Workplace dress codes: Patriarchal oppression or necessary evil?
The BBC recently came under fire for introducing a strict dress code for staff which included banning skirts above the knee, cardigans and items from Marks & Spencer. It sparked furious debate online between those who agreed with their stance and others who believe the policing of people’s clothing choices is nothing short of a fashion dictatorship. Personally, I don’t find a nice Per Una cardi especially offensive, but I am curious as to why employers feel the need to meddle in people’s wardrobes in this way.
To be fair, the BBC aren’t only ones to enforce their own style prejudices on people who work for them. Airlines, hospitality companies, legal firms and even publishers (whatever happened to creative thinking, guys?) – there doesn’t seem to be an industry that doesn’t have some kind of rule about what women can and can’t wear. I say women because, in most cases, it’s women’s bodies that are being policed in this way, not men. Heel height, make up, hair length, skirt length – by controlling the way women wear these things, companies are in effect exerting control over their bodies, their sexuality and their freedom of expression. As well as affecting their appearance, dress codes can actually impede women’s freedoms in other ways.
As an events manager, Rita Andrews is accustomed to dressing up for work, although comfortable shoes are often a must when you’re on your feet all day. In a previous role at a publishing company, however, all women were required to wear heels, she says. “It was crippling as we couldn’t walk into town to get lunch. The company HQ was on a canal path, so basically the dress code meant that the women couldn’t go out for lunch, at least not without destroying their feet, anyway! How ridiculous is that? The rule was probably written in the 1950s, and in my opinion it should have stayed there”.
In retail, the rules are often strictly policed. Meg Pope used to work for a well-known department store with a particularly draconian approach; “Every new employee is given a handbook when they start which details their dress code. It includes rules like ‘hair must be a naturally occurring colour’ and ‘make up must be natural and understated’. I almost got sent home for wearing red lipstick. The worst part is that they are nowhere near as strict on the men – it’s almost all focused on the women. It’s a bit like being in a cult”.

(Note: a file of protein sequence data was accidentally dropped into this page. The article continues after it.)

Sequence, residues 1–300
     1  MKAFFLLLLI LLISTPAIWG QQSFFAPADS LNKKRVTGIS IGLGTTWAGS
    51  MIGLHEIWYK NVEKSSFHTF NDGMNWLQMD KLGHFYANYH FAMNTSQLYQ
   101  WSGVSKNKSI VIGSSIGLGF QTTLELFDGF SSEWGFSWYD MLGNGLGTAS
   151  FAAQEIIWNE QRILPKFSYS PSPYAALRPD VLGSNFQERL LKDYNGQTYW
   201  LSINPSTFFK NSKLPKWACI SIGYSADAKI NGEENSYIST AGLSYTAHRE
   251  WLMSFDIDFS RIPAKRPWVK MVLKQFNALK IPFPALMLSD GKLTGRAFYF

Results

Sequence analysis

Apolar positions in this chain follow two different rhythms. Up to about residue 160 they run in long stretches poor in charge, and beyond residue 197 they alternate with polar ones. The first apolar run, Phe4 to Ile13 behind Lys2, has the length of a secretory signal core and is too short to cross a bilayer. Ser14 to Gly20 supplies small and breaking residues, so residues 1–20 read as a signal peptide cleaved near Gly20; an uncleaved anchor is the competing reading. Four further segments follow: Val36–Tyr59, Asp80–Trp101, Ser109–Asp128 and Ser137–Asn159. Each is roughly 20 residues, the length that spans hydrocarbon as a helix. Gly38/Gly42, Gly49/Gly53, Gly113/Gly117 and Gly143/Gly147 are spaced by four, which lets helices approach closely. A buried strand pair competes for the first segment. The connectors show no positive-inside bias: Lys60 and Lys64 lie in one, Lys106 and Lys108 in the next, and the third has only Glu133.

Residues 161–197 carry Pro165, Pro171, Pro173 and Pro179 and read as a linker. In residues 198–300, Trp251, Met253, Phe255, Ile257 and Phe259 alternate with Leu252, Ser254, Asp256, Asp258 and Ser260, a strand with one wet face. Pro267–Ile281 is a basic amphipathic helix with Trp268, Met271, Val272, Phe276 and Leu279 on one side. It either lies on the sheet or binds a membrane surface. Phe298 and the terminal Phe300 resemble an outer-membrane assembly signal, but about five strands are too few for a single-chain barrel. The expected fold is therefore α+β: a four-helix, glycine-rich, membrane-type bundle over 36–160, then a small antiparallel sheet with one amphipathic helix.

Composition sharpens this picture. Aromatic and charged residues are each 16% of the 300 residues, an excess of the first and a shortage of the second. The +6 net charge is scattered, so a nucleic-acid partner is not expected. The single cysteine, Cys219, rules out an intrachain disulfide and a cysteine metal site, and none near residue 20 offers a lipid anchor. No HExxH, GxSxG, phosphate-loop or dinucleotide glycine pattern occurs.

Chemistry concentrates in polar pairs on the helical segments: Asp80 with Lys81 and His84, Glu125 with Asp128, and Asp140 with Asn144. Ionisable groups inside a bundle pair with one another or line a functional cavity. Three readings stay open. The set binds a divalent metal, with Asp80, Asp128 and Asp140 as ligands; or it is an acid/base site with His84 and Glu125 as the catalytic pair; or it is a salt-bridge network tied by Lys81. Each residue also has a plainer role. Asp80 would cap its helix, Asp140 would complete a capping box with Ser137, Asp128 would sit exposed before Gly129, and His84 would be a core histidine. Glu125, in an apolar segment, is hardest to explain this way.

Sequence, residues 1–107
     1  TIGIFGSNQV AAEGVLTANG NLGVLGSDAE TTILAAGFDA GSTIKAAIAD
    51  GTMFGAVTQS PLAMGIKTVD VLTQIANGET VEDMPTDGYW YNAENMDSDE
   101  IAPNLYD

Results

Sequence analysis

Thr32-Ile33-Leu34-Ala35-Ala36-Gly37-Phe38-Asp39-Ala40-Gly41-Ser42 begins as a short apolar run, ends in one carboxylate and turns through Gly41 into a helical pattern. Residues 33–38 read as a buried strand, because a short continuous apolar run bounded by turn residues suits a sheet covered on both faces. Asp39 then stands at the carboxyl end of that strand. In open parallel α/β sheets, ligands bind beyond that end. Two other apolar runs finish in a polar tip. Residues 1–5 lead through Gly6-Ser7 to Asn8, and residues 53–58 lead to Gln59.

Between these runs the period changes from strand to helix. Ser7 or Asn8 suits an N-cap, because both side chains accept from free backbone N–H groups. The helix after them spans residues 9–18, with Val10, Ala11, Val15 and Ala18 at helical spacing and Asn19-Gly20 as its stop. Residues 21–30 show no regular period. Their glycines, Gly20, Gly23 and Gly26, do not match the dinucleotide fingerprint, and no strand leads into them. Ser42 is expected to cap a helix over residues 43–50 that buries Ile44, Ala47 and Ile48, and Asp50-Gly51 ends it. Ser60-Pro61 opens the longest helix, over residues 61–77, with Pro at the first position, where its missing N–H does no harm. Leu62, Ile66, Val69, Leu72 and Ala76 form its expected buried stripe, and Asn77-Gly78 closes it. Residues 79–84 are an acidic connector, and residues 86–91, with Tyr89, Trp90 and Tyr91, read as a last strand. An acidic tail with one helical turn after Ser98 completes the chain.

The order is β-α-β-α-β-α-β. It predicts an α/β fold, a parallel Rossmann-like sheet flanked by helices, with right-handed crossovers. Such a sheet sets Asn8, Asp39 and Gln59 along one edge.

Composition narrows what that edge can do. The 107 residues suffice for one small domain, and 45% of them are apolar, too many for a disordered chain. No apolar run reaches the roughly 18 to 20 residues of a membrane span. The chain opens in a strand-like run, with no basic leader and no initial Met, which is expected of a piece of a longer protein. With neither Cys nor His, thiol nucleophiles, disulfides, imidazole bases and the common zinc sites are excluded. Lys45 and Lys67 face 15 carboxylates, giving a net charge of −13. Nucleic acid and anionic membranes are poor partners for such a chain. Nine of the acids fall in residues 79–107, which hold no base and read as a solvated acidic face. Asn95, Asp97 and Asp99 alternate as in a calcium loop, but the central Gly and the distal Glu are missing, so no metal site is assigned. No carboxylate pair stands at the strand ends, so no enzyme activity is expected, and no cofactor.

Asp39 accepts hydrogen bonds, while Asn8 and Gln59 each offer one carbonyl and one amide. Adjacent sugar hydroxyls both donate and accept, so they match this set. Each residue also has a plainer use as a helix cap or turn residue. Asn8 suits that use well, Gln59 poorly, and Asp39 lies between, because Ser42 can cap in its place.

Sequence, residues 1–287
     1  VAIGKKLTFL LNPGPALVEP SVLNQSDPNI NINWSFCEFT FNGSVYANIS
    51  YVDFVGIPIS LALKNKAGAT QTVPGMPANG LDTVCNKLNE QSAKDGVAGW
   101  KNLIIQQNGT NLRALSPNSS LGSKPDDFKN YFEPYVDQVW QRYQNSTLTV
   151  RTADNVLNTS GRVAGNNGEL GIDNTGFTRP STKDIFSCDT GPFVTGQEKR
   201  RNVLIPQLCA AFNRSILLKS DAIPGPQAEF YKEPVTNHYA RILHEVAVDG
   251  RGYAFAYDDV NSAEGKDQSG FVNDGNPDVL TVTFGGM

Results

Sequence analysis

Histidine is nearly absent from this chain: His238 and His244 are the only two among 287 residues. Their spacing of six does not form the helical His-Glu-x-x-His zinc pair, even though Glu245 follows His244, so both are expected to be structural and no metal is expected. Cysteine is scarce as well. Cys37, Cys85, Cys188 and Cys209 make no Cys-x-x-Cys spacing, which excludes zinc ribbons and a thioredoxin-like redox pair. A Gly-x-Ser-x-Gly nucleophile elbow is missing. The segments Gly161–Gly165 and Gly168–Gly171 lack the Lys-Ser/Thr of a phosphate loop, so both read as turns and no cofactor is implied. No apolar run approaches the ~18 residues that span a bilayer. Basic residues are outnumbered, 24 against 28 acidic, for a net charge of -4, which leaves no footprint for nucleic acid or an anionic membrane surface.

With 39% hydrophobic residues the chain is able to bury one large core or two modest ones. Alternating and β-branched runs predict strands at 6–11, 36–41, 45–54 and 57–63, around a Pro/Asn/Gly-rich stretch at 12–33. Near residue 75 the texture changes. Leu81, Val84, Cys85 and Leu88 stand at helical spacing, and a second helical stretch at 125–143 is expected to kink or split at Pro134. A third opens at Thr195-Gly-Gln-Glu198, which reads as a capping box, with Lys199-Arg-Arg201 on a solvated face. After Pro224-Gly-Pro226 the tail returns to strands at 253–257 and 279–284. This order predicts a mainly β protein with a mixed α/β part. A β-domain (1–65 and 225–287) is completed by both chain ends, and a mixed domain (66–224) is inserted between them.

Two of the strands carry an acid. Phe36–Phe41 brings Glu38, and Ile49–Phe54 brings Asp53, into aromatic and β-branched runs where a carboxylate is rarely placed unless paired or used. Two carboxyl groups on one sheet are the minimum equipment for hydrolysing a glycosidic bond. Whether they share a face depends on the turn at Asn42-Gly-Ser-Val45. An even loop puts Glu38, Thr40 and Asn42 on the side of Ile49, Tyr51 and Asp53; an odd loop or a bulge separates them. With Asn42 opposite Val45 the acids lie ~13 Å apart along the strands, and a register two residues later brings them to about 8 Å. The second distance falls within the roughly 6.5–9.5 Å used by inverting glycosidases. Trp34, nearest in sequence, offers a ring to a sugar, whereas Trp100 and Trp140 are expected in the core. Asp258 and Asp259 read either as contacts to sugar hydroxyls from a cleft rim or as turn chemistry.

While I personally think red lipstick looks totally chic and actually makes me feel more professional and in control, I can see why certain retailers are so concerned about what staff are wearing. Your appearance carries power – it can communicate to others who you are (or perhaps who you want them to see) without saying a word. If the message is overtly sexualised, does that suggest that the person isn’t focused on the job in hand? If your team are all giving different messages to each other, does that provide an inconsistent image of the company to its customers? Possibly.
Fiona Lafon, now a self-employed florist at Emerald & Jade now works mostly in jeans and trainers, but in her previous career at a law firm, the rules were very different; “While I was at the firm they brought in a policy stating exactly what people could and couldn’t wear, down the types of clothing, preferred colours and everything. They went into so much detail. At first we laughed it off, but they were serious.
“I get why they did it – there were some people who would rock up to work in a boob tube. I guess it’s one of those things where some people are so out of line, it’s easier to bring in a blanket policy for everyone rather than singling them out. To be fair, it applied to both men and women, so it’s not like they singled out the females”.
A dress code can actually bring everyone together, and make sure that everyone is singing from the same hymn sheet. At the same time, people hire people – not robots. By making everyone look the same, are you stripping away their individuality? I think the answer lies somewhere in the middle. Encouraging staff to dress professionally is probably a good idea, but the rules should apply to everyone – men and women – and shouldn’t be so draconian that everyone ends up looking like clones. Individual flare and personality is something that should be treasured and encouraged. It’s the personalities and characters who make a workplace what it is, after all. I especially want to meet the lawyer who wore a boob tube to work. She sounds like fun.
Do you think workplace dress codes are a good idea, or should they be banished to fashion room 101? Tweet us @TheimageConsCo with your opinion.
This article was written by our guest writer, who does not work for The Image Consulting Company and all views are her own rather than those of the company.